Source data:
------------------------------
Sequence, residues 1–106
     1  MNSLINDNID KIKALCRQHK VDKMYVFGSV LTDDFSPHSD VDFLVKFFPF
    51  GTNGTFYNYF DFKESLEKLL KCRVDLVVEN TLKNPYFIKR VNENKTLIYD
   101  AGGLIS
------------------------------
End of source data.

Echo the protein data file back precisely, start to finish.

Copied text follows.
Sequence, residues 1–106
     1  MNSLINDNID KIKALCRQHK VDKMYVFGSV LTDDFSPHSD VDFLVKFFPF
    51  GTNGTFYNYF DFKESLEKLL KCRVDLVVEN TLKNPYFIKR VNENKTLIYD
   101  AGGLIS